Indeed, Japan has very low borrowing costs. It also has not seen economic expansion of the type with which the Keynesian/Krugman camp are so enamored since, oh, say, 1990. Yeah, two decades of ZIRP and fiscal profligacy that would make Keynes blush has basically done…nothing. Nada. Japanese government debt is now approximately twice Japan’s annual gross domestic product. Still, sustainable growth seems more elusive than ever. Even the US, with its trillion plus dollar a year fiscal stimulus (annual deficits are fiscally-stimulative, no matter their source, or at least are according to Keynesians) for the last four years has only now, and just barely, returned to a pre-recession level of GDP. Nevermind the Fed’s own ZIRP and quantitative easing, pushing the total stimulus to surely something close to a year’s worth of GDP. All that stimulus really has things humming in America about now. Wouldn’t you agree?
But Krugman knows what America needs to do–just borrow money at the federal level to dish it out to the states. Since fiscal deficits at the federal level haven’t done much good, push the deficit spending down to the state and local level:
The point is that we could actually do a lot to help our economies simply by reversing the destructive austerity of the last two years. That’s true even in America, which has avoided full-fledged austerity at the federal level but has seen big spending and employment cuts at the state and local level. Remember all the fuss about whether there were enough “shovel ready” projects to make large-scale stimulus feasible? Well, never mind: all the federal government needs to do to give the economy a big boost is provideaid to lower-level governments, allowing these governments to rehire the hundreds of thousands of schoolteachers they have laid off and restart the building and maintenance projects they have canceled.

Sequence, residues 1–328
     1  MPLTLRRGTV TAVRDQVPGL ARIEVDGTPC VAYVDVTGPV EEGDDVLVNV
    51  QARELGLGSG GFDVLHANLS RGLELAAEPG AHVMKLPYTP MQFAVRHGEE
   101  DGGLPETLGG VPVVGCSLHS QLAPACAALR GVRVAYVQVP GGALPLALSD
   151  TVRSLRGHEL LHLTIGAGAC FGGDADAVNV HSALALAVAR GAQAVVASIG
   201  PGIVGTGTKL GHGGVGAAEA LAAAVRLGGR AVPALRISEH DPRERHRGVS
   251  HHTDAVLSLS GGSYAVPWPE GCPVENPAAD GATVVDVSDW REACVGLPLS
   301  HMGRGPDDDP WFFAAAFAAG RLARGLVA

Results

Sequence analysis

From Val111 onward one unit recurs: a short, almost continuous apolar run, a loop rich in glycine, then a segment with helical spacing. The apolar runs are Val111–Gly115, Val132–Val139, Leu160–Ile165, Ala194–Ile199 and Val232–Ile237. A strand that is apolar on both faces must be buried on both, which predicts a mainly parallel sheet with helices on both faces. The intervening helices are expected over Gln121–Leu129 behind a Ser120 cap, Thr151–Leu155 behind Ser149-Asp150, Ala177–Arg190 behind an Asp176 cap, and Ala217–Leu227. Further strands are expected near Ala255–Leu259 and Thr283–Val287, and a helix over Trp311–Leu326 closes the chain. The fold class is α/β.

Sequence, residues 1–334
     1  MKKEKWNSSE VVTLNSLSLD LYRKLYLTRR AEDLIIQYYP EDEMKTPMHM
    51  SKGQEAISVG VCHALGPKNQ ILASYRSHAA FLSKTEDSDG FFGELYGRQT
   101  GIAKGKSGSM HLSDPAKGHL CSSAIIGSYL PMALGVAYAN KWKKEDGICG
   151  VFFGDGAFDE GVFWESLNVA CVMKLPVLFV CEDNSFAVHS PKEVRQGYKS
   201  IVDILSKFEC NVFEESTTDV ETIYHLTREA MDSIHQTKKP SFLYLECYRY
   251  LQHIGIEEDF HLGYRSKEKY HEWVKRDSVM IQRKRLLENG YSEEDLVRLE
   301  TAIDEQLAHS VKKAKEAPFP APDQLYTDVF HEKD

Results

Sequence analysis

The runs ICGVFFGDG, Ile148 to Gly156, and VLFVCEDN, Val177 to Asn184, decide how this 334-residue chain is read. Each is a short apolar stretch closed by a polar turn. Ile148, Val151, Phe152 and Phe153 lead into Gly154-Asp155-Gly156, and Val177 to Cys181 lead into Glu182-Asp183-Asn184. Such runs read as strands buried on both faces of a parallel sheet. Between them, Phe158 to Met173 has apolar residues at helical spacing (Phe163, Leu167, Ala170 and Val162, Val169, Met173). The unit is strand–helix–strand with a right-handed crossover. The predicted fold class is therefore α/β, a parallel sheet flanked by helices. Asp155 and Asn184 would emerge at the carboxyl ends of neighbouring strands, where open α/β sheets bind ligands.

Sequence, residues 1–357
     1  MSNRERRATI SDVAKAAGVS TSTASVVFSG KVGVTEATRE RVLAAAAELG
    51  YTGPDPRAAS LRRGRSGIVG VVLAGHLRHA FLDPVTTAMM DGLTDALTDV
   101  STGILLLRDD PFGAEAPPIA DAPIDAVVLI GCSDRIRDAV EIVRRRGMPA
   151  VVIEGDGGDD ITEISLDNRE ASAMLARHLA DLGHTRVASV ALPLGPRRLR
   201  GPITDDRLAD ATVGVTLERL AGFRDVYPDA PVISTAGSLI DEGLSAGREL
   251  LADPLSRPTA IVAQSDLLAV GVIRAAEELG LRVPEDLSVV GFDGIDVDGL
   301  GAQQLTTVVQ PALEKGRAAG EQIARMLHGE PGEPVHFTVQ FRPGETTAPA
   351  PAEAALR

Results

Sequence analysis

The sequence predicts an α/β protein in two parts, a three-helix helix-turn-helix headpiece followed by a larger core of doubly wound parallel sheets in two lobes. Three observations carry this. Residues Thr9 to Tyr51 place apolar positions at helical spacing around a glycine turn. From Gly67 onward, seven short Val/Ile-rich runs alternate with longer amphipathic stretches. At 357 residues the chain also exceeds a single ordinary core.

Never mind that he offers no evidence that hundreds of thousands of school teachers have been laid off, and even were half a million new teachers hired, that would only barely absorb about two months worth of new entrants to the labor force.
Krugman’s analysis is really nothing more than economic rationalization in the service of emotional political impulses. No country like Greece, or for that matter, Japan, with a population that is rapidly aging and dying off should borrow money in a vain attempt to forestall economic pain. There is no way Greece will ever grow out of its fiscal woes. Japan either. At least most of Japan’s debt is owed to itself, and until lately has enjoyed a phenomenal string of trade surpluses. Neither is true for Greece. It owes its debt to others (mainly European banks), and hasn’t seen a sustainable trade surplus since Aristotle’s days. But still, Krugman touts Keynesian deficit spending as the answer. And Krugman doesn’t really know Keynes, who said this about the intersection of economic analysis and population demographics:
The great events of history are often due to secular changes in the growth of population and other fundamental economic causes, which, escaping by their gradual character the notice of contemporary observers, are attributed to the follies of statesmen or the fanaticism of atheists.
But then, Keynes is to economics what Paul was to Christianity. Anyone can find a quote to support their views. The bottom line though is very simple. Austerity in the profligate European welfare states is inevitable. Without population growth, there is no quarter from which aggregate economic growth can arise. Every Euro, drachma (when Greece finally gets kicked out of the EU), or yen borrowed today will settle as a progressively heavier weight on a smaller, older and less vibrant population. One last of Keynes’ observations:
Most men love money and security more, and creation and construction less, as they get older.